What exactly are the ‘earthly things’ about which Jesus’ has been speaking? Also, the future tense in Jesus’ statement “how then will you believe if I speak of heavenly things” seems unusual, on any interpretation, since he does seem to have been speaking of heavenly thing already.

I am very glad to have been helpful. To answer your question, I hope you don’t mind me pasting from my recent sermon on John 3:9-15:

Now, by earthly things he doesn’t mean “unspiritual” things. John often requires careful reading because he deliberately phrases things in ways that challenge how we like to think. We’ve seen that repeatedly with his favorite technique—recording Jesus’ statement of spiritual truths in physical terms, and the subsequent ironic misunderstanding [of which, I’d add, Christopher’s is one kind—the poor Catholics are doing exactly what Jesus’ dimwitted foils did].

But he also does this in other ways, so we have to think through what he is saying; and again, I think this is carefully calculated as what marketers call a “pattern interrupt”, to force us to stop skimming and start engaging with the text.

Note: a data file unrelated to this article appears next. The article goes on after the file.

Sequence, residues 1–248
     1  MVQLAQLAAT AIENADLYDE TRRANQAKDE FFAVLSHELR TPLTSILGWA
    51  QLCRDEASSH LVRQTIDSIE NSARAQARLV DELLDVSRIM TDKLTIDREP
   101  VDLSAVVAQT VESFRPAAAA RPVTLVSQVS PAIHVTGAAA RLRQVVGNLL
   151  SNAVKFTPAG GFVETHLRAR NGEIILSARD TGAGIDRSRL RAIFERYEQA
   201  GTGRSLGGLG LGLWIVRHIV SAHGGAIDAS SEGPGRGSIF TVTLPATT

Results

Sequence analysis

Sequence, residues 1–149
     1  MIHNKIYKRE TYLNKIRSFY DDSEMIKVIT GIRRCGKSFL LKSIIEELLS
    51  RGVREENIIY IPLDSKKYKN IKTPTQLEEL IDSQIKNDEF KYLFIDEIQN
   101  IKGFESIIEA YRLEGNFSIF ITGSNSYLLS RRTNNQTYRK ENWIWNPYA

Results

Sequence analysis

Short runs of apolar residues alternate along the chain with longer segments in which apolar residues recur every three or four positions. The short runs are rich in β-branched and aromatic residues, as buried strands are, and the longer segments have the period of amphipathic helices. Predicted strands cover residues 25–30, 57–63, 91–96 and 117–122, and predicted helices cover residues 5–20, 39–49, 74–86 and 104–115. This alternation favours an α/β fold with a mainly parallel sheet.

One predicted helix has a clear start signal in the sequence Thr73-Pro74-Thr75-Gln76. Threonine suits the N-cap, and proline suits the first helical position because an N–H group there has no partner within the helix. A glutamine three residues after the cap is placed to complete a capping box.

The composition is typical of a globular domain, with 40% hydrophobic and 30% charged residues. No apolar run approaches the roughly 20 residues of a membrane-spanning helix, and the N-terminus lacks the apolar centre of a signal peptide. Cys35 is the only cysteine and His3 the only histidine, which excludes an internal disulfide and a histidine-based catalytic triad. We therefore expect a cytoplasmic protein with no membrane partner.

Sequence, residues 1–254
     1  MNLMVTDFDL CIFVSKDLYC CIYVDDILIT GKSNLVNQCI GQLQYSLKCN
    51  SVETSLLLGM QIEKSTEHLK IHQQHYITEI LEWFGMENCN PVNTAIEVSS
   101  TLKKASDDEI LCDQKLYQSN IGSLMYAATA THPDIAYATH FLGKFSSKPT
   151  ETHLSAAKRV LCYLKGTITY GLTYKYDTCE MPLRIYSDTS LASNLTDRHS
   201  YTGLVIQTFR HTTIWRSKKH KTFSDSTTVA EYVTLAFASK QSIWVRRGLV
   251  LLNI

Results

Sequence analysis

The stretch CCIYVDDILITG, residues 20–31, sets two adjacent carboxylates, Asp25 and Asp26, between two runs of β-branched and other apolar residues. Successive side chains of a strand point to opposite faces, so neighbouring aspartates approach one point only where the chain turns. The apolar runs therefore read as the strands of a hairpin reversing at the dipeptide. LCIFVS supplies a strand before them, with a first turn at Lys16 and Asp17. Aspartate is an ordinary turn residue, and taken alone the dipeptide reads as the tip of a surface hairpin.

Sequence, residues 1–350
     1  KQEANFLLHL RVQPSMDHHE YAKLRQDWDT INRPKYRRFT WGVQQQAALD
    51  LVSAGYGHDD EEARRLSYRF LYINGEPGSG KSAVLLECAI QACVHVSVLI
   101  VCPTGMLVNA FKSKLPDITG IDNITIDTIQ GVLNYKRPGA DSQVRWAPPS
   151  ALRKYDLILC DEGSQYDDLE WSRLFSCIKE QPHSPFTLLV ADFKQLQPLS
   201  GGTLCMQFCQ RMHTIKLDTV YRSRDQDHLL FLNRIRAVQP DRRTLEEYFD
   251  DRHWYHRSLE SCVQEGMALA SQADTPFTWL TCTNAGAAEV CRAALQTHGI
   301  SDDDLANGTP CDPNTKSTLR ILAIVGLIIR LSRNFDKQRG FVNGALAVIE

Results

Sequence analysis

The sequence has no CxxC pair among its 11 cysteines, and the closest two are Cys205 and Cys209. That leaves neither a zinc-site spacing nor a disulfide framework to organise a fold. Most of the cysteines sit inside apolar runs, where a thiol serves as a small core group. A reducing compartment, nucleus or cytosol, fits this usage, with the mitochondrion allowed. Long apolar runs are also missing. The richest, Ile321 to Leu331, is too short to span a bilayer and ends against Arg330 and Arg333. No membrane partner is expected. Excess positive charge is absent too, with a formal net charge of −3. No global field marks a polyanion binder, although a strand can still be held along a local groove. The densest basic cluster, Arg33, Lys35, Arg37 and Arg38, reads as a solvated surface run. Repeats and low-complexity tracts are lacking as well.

So when he says “earthly things” here, he doesn’t mean unspiritual or carnal things or merely physical things. Obviously Nicodemus believes in the sorts of physical things that they’ve been discussing: birth and the movement of the wind. Rather, he means, “things that happen on earth”—as opposed to things that happen in heaven, or will happen when heaven comes to earth in the consummated kingdom of God. Since human beings live on earth, spiritual rebirth is an earthly thing; it is not heavenly, because it doesn’t happen in heaven.